Blogger: Tone Frost Bathen
The MR Cancer Group has a close collaboration with the clinical environments at the Department of Urology and Clinic for Medical Imaging at St. Olavs Hospital. The long-term goals of the projects are to optimise and personalise the diagnostics and treatment of prostate cancer, and thereby increase chances of survival and quality-of-life for this patient group.
We recently received funding of NOK 14 million through a special announcement from the Norwegian Cancer Society for personalised cancer treatment. This presents a unique opportunity to continue our research at a larger scale. The collaboration between clinicians and researchers at NTNU and St. Olavs Hospital, through the integrated university hospital, is key to the execution of the research project. It also enables swifter changes in clinical practice based on research outcomes.
With this project we wish to solve important clinical challenges through the use of advanced medical imaging. Today’s diagnostic tools cannot differentiate between lethal and less dangerous forms of prostate cancer, something which complicates personalised treatment. Improved methods for detection and risk assessment will be of great importance to the treatment options for these patients in the future.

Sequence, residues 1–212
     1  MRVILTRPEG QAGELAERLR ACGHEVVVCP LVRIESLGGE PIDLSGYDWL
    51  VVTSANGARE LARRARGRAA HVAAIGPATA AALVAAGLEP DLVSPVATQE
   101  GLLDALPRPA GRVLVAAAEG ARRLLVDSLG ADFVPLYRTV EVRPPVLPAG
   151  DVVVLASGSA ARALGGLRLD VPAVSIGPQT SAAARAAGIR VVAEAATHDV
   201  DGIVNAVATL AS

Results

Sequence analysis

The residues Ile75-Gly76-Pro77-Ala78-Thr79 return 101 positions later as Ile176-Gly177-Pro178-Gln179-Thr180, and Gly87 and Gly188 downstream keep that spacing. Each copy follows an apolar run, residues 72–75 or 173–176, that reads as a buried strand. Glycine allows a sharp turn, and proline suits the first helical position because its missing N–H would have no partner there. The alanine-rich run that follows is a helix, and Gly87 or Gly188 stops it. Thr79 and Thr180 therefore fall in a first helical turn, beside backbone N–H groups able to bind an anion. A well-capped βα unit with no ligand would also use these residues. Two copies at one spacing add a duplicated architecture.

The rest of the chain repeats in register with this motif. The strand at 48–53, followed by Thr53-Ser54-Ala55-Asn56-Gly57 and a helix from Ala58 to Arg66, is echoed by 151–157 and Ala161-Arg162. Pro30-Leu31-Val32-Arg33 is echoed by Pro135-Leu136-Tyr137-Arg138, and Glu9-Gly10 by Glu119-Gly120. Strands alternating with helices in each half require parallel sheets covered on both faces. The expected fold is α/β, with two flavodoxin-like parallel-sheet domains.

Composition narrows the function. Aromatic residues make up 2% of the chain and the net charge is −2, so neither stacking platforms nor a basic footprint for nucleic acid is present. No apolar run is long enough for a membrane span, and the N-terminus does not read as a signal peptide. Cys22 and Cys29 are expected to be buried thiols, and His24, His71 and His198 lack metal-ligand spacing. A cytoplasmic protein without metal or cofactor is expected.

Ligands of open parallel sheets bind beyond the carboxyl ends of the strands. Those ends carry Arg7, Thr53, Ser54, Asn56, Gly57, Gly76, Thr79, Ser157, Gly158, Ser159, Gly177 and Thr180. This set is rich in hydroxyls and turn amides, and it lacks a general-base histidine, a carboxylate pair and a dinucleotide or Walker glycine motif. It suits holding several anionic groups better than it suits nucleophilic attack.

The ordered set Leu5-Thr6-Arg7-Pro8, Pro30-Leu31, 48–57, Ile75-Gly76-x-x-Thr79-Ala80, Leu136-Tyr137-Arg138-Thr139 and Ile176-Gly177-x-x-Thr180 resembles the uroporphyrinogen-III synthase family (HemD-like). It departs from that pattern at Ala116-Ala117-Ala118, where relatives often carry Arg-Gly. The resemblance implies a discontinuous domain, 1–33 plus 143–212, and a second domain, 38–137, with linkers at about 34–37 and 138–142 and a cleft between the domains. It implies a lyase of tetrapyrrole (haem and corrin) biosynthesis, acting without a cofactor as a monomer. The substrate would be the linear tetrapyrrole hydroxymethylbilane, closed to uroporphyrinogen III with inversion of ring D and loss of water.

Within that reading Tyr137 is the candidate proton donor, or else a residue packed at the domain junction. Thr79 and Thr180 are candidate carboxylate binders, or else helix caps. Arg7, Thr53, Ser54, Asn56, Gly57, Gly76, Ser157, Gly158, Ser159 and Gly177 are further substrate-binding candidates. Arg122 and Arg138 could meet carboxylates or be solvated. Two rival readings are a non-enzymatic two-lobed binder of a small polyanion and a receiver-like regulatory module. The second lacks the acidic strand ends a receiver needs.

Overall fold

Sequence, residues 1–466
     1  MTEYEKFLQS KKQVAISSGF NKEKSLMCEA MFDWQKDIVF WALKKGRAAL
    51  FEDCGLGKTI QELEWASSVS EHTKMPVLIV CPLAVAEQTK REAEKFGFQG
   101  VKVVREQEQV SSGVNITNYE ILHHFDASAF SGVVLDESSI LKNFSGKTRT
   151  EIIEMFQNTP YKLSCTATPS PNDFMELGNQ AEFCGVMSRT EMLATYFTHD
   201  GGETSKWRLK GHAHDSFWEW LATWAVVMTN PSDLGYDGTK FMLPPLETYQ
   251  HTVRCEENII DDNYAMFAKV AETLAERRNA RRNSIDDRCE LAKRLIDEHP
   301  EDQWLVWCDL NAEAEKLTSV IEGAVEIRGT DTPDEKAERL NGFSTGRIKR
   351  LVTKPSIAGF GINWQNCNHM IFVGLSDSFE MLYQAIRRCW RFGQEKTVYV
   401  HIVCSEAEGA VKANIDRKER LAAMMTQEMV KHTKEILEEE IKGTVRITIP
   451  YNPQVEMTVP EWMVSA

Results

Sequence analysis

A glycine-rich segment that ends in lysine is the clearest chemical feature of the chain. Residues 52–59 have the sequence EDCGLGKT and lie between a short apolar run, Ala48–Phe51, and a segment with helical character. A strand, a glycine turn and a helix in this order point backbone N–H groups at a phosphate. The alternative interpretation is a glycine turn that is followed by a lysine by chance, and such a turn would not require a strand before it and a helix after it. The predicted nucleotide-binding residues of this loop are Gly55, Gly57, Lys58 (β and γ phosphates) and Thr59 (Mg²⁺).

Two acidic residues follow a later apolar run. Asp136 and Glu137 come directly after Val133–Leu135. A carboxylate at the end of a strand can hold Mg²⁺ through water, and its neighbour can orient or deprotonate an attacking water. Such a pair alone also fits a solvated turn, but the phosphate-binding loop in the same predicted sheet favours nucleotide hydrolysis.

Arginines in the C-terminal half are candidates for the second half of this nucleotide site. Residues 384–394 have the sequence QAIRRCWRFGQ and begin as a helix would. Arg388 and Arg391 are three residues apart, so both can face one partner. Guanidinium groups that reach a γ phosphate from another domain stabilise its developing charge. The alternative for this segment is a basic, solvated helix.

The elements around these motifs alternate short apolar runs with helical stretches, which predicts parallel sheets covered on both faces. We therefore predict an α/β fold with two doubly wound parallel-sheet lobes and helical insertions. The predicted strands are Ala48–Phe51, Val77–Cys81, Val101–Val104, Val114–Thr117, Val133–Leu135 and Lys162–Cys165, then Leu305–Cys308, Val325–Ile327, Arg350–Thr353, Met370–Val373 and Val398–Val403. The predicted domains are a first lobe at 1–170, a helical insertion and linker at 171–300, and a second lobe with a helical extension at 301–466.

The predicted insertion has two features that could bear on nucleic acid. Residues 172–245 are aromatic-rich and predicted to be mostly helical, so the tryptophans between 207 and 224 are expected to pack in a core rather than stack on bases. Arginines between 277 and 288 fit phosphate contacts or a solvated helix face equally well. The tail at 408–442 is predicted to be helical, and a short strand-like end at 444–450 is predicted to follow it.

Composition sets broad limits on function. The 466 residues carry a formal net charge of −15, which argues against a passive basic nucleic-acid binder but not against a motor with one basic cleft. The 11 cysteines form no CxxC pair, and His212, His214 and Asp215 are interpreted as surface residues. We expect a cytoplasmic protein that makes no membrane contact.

During this project we wish to develop and standardise new methods for MR imaging (MRI), including PET-MRI, for the detection and classification of prostate cancer. Unlike in other types of cancer, medical imaging only plays a limited role in the diagnosis of prostate cancer. For more accurate diagnostics we wish to study the clinical value of MR-guided biopsies, and multimodal MRI will be used to evaluate aggressiveness. The PET-MR scanner donated to St. Olavs Hospital by Trond Mohn is the only of its kind in Norway, and it presents unique opportunities for new approaches to medical imaging.
We will also make use of established research biobanks to describe molecular characteristics of both low and high risk prostate cancer. By connecting these findings with MR images, we hope the project will contribute to improved methods for personalised treatment of prostate cancer.